If you are running your workload on Windows Server using SQL Server, it makes sense to stick with Azure. AWS is 5 times more expensive than Azure for Windows Server and SQL Server. Azure also gives you a lot more flexibility when it comes to short term subscription plans. 

Open Source Support

Whether it is Linux or open sourced communities, AWS cloud has extensive support for both of these and Azure is still playing the catch up game. 

Hybrid Cloud

With widespread adoption of Microsoft Office Suite, Azure Active Directory, it is ahead of the curve when it comes to hybrid cloud. However, AWS is catching up fast. 

Azure vs. AWS: Which certification exam should I choose?

There are plenty of jobs that require you to be certified by Azure, Amazon Web Services (AWS), or Google Cloud Platform (GCP). Azure or AWS certification can really make your resume stand out from the crowd. However, certification alone will not help you get a job. It’s the hands-on knowledge that you end up with if you study for the certificate well enough will get you that dream job.

In terms of popularity, both AWS and Azure go head to head. If you understand one cloud provider, you can easily grasp the other. Job site Indeed has over 16,000 positions that you’d qualify for with an Azure certification. The number for AWS positions is much higher at 29,000 positions. So, if you go by sheer numbers, AWS is the clear winner. So, if you are just starting to learn cloud, go with AWS. Once you have mastered AWS and cleared a few certifications, it will be easy to jump on to Azure.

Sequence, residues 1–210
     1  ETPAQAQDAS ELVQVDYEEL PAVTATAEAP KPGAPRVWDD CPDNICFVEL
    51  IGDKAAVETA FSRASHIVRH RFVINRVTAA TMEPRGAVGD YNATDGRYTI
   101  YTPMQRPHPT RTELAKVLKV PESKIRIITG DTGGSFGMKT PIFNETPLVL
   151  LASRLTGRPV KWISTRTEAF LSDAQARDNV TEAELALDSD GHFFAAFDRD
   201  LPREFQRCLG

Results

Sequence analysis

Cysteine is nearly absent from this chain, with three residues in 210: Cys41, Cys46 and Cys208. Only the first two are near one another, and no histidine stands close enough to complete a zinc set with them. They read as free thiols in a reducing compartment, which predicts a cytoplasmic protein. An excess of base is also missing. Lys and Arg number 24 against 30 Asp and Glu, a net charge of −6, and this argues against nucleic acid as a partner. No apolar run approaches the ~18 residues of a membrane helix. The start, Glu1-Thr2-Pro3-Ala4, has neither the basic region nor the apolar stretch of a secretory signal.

AWS Certifications Practice Exams and Video Courses Link

Azure Certifications Practice Exams and Video Courses Link

GCP Certifications Practice Exams Link

Important Links

It is worth noting that Practice Tests would not be a substitute for gaining the real hands-on knowledge. For that it is recommended that you understand the cloud concepts by getting your hands dirty in AWS Console or Azure Portal. Spin up your cloud environments and tear them down as you are done with a topic. 


The most popular cloud job roles are cloud architect and cloud engineer. As per job site Glassdoor, the average salary for a Cloud Developer in the United States is $100,465/year. If you want to try either of the cloud platform, both offer free credits to play around in your own sandbox. We would highly recommend you do that to gain familiarity with these cloud providers.

“Cloud Technology” is fast becoming a common term in the application development playbook. With the rising salaries for the cloud engineers it makes sense to jump on the bandwagon, and ride with the tide.